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See more synonyms for meager on Thesaurus.com
  1. deficient in quantity or quality; lacking fullness or richness; scanty; inadequate: a meager salary; meager fare; a meager harvest.
  2. having little flesh; lean; thin: a body meager with hunger.
  3. maigre.
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Also especially British, mea·gre.

Origin of meager

1300–50; Middle English megre < Old French maigre < Latin macer lean
Related formsmea·ger·ly, adverbmea·ger·ness, noun


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1. See scanty. 2. gaunt, spare, skinny.
Dictionary.com Unabridged Based on the Random House Unabridged Dictionary, © Random House, Inc. 2018

Related Words

need, scantiness, poverty, scarcity, aridity, flatness, tedium, monotony, boredom, sameness

Examples from the Web for meagerness

Historical Examples

  • Meagerness of information; qualities of commander to be relied upon.

    Manual of Military Training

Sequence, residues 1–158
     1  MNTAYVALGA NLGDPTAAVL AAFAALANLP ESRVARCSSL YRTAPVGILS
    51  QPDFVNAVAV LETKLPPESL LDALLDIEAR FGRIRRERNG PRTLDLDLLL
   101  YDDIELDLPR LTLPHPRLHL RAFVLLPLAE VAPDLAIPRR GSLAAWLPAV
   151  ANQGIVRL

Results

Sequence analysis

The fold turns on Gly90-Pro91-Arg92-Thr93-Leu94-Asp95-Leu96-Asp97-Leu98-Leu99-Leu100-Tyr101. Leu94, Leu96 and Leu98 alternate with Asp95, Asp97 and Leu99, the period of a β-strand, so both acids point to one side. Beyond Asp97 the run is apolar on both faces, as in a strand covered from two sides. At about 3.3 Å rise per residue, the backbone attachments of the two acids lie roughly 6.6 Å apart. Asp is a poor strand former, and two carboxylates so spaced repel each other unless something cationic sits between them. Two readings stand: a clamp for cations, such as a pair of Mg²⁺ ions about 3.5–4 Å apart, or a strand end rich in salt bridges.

James A. Moss

  • The peculiar characteristic of the child's vocabulary is its meagerness.

  • It was evident that the trio were disappointed in the meagerness of his story.

    The Rest Hollow Mystery

    Rebecca N. Porter

  • There was no reason now why he should continue the meagerness of their present life.

    The Woman Gives

    Owen Johnson

  • The meagerness of their clothing is one of the tokens of their sanctity.

    From Egypt to Japan

    Henry M. Field

Word Origin and History for meagerness


also meagreness, early 15c., from meager + -ness.

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late 14c. (late 12c. as a surname), "lean, thin, emaciated" (of persons or animals), from Old French megre, maigre "thin" (12c.), from Latin macrum (nominative macer) "lean, thin" (source of Spanish, Portuguese, and Italian magro), from PIE *makro- (see macro-). Of material things (land, food, etc.) from early 15c. Cognate Germanic words (Old Norse magr "thin," Old High German magar, German mager, Middle Dutch magher, Dutch mager, Old English mæger) come directly from the PIE root via Proto-Germanic *magras and are not from Latin.

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Online Etymology Dictionary, © 2010 Douglas Harper